Since the oscillation amplitude x1 is very small, the oscillatory motion of the mass center of mass m1 is not recognizable in FIG. 3. In other words, the housing 1 is set in only very small vibrations when the shaving apparatus is in operation. The oscillation of the mass center of mass m2 is clearly visible in FIG. 3, being however substantially less pronounced than the oscillation of the mass center of mass m3, since the relative behavior of the oscillation amplitudes x2 and x3 is reciprocal to that of the masses m2 and m3. This means that the oscillation of the undercutter 14 is substantially greater than that of the shaving foil 3. As becomes further apparent from FIG. 3, the mass centers of the masses m2 and m3 oscillate in phase opposition to each other and have the same oscillation frequency. To achieve a high efficiency, a value is selected for the oscillation frequency f that is preferably in the proximity of the resonant frequency of the subsystem provided by the masses m2 and m3 and the spring constant D2. In addition, the geometry of the components forming the masses m2 and m3 is selected such that the mass centers of the masses m2 and m3 move at least approximately on a common line, so that aside from the resultant linear pulse also the resultant angular momentum is approximately equal to zero and, hence, hardly any undesirable vibrations occur.

FIG. 4 shows a second shaving apparatus in a representation corresponding to FIG. 1. An associated block diagram of the. oscillatory system is shown in FIG. 5. The oscillatory behavior of the oscillatory system is shown in FIG. 6.

The second shaving apparatus corresponds substantially to the first shaving apparatus, with the added provision of a compensating element 16 of a mass m4, which is secured to the rotor 7 by means of leaf springs 17 having a spring constant D3. Accordingly, compared to the first shaving apparatus, the block diagram of FIG. 5 shows in addition the mass m4 and the spring force acting between the masses m3 and m4 and characterized by a spring constant D3. Further differences to the first shaving apparatus lie in the dimensioning of the masses and the spring constants. Masses m1, m2, m3 and m4 exhibit decreasing values in the order of this enumeration. Regarding the spring constants the values increase in the order D1, D2 and D3. The values for the frequency f, for the braking force R and for the oscillation amplitudes x1, x2 and x3, on which the curve shapes of FIG. 6 are based, are identical to the corresponding values of the first shaving apparatus. Further values on which the curve shapes of FIG. 6 are based are the masses m1=70 g, m2=30 g, m3=12 g and m4=5 g, the spring constants D1=2 N/mm, D2=4 N/mm and D3=5.1 N/m, as well as the oscillation amplitude of the compensating element 16 x4=1.8 mm. Because of the high value of the oscillation amplitude x4 of the compensating element 16, on the ordinate of the graph of FIG. 6 a scale different from the one in the graph of FIG. 3 was selected. A different scale was also selected on the abscissa, to show more details. Some of the scales used in the further embodiments vary also.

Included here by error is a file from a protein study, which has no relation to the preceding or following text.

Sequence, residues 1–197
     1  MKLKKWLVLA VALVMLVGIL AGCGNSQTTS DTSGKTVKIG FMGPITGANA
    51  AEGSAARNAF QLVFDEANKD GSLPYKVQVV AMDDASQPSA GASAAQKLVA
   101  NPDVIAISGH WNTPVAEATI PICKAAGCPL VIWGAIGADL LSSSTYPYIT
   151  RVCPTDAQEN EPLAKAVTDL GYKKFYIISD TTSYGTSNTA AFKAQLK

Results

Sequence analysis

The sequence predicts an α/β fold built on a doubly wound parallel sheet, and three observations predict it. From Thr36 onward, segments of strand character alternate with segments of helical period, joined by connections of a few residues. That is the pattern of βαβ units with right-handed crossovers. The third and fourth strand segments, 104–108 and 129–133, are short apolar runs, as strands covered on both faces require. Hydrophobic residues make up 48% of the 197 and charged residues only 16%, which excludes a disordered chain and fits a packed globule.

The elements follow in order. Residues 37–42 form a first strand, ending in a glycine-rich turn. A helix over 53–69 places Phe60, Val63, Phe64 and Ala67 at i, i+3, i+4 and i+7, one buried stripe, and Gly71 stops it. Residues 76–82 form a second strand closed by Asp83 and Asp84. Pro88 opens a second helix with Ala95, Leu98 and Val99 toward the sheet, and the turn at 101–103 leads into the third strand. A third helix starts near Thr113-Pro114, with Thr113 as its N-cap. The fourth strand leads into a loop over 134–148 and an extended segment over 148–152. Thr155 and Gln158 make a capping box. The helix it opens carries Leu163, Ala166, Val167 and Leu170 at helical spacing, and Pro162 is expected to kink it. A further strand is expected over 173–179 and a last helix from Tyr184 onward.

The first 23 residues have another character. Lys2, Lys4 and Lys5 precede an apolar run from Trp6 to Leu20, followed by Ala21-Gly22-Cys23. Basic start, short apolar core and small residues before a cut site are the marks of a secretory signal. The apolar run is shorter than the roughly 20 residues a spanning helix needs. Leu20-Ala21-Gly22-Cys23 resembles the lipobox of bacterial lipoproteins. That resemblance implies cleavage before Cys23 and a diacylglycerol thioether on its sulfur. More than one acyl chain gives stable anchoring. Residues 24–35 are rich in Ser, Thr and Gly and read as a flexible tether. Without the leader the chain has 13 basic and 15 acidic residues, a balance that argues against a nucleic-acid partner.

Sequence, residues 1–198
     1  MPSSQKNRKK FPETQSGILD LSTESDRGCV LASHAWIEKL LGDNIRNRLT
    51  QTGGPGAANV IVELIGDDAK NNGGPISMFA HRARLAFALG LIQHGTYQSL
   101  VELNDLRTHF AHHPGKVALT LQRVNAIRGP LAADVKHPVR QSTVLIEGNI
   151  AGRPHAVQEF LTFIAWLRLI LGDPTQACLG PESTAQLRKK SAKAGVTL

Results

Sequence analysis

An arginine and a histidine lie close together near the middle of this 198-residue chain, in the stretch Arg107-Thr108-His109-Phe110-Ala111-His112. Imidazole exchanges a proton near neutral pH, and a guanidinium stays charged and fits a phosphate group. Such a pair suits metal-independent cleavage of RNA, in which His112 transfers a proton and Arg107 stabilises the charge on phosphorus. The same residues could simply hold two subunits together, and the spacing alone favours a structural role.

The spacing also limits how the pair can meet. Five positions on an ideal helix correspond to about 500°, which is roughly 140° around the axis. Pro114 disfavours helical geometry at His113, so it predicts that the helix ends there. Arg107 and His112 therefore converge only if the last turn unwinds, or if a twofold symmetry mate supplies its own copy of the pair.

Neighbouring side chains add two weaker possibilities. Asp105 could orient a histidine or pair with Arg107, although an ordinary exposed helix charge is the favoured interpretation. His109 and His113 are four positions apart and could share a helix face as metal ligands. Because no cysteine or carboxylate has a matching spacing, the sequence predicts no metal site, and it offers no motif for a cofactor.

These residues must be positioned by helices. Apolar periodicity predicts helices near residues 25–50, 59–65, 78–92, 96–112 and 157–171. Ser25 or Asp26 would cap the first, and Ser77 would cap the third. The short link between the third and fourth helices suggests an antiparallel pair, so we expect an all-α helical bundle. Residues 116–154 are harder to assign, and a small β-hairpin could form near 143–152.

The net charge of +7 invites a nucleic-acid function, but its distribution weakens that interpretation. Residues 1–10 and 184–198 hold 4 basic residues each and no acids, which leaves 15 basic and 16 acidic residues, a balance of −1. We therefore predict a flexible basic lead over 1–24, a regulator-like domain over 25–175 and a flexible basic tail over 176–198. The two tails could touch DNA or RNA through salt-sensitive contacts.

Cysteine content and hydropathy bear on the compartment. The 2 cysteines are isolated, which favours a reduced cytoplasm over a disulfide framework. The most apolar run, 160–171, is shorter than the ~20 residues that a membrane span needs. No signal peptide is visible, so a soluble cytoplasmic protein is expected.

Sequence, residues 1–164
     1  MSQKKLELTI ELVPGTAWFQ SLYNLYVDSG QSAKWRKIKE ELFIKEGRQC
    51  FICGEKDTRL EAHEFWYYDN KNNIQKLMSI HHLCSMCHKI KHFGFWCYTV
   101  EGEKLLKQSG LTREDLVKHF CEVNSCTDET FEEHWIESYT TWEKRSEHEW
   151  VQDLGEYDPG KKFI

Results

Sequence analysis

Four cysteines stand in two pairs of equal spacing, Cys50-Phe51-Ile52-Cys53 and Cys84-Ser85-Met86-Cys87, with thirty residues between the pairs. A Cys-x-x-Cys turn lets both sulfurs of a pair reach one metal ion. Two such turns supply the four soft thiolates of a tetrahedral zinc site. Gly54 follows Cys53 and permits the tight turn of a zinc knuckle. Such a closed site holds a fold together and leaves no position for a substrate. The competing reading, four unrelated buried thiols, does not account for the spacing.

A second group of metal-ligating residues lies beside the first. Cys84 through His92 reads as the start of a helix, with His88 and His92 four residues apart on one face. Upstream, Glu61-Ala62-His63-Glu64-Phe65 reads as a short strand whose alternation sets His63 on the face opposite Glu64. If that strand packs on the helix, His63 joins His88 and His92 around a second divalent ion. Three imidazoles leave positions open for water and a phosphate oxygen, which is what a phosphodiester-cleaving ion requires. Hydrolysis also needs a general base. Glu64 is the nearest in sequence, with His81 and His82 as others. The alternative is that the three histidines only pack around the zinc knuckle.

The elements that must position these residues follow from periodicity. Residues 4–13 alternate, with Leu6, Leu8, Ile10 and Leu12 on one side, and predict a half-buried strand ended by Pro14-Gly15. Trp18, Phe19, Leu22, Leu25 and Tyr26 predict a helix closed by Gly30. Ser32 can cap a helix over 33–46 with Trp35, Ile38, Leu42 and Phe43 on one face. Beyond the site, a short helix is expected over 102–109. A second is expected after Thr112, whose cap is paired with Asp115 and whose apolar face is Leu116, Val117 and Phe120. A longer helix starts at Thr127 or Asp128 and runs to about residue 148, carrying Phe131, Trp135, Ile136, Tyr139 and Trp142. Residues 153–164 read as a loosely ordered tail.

The oscillatory behavior of the mass centers of the masses m1, m2 and m3 corresponds to that of the first shaving apparatus and will not be explained again in the following. The mass center of mass m4 whose curve shape is shown in a dot-and-dash line in FIG. 6 oscillates in phase with the mass center of mass m2 and in phase opposition to the mass center of mass m3. In other words, the compensating element 16 executes a strongly pronounced oscillation that is in phase with the shaving head 2 or the shaving foil 3 and in phase opposition to the undercutter 14. The mass distribution is preferably selected such that the mass centers of the masses m2, m3 and m4 move at least approximately on a common line.

Also in this example the resultant linear pulse and the resultant angular momentum are approximately equal to zero. In contrast to the first example this is accomplishable with a smaller mass in the area of the shaving head 2.

FIG. 7 shows a third shaving apparatus in a representation corresponding to FIG. 1. An associated block diagram of the oscillatory system is shown in FIG. 8. The oscillatory behavior of the oscillatory system is shown in FIG. 9.

Similar to the second shaving apparatus, provision is also made in this example for the compensating element 16. However, the geometrical arrangement of the rotor 7 and the compensating element 16 is reversed relative to the second shaving apparatus. Moreover, the undercutter 14 is not rigidly connected to the rotor 7 but to the compensating element 16. In lieu of the leaf springs 15 through which the rotor 7 is secured to the stator 6 in the first two examples, provision is made for leaf springs 18 securing the compensating element 16 to the stator 6. These modifications make it possible for the rotor 7 to be operated with an oscillation amplitude greater than the oscillation amplitude provided for the undercutter 14. In this way, a higher motor speed and hence a smaller electric motor 5 with a higher efficiency are accomplishable.